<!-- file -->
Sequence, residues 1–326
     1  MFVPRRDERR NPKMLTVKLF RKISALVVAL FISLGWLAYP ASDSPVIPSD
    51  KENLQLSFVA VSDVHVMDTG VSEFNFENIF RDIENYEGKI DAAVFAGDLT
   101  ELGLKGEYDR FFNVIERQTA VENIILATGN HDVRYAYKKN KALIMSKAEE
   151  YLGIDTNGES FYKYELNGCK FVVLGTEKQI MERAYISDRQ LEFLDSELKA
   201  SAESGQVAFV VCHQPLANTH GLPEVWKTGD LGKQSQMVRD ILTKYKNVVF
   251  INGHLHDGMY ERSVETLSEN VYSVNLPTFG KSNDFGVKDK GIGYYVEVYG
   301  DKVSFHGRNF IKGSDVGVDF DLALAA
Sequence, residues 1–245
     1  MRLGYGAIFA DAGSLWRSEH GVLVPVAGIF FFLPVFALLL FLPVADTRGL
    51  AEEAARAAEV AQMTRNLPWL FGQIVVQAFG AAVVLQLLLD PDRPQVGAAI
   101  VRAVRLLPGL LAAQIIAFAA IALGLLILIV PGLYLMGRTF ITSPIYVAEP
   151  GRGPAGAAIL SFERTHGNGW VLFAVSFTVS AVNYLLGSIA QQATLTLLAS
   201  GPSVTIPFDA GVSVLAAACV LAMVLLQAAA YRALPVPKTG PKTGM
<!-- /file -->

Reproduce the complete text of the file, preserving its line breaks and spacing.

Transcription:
Sequence, residues 1–326
     1  MFVPRRDERR NPKMLTVKLF RKISALVVAL FISLGWLAYP ASDSPVIPSD
    51  KENLQLSFVA VSDVHVMDTG VSEFNFENIF RDIENYEGKI DAAVFAGDLT
   101  ELGLKGEYDR FFNVIERQTA VENIILATGN HDVRYAYKKN KALIMSKAEE
   151  YLGIDTNGES FYKYELNGCK FVVLGTEKQI MERAYISDRQ LEFLDSELKA
   201  SAESGQVAFV VCHQPLANTH GLPEVWKTGD LGKQSQMVRD ILTKYKNVVF
   251  INGHLHDGMY ERSVETLSEN VYSVNLPTFG KSNDFGVKDK GIGYYVEVYG
   301  DKVSFHGRNF IKGSDVGVDF DLALAA
Sequence, residues 1–245
     1  MRLGYGAIFA DAGSLWRSEH GVLVPVAGIF FFLPVFALLL FLPVADTRGL
    51  AEEAARAAEV AQMTRNLPWL FGQIVVQAFG AAVVLQLLLD PDRPQVGAAI
   101  VRAVRLLPGL LAAQIIAFAA IALGLLILIV PGLYLMGRTF ITSPIYVAEP
   151  GRGPAGAAIL SFERTHGNGW VLFAVSFTVS AVNYLLGSIA QQATLTLLAS
   201  GPSVTIPFDA GVSVLAAACV LAMVLLQAAA YRALPVPKTG PKTGM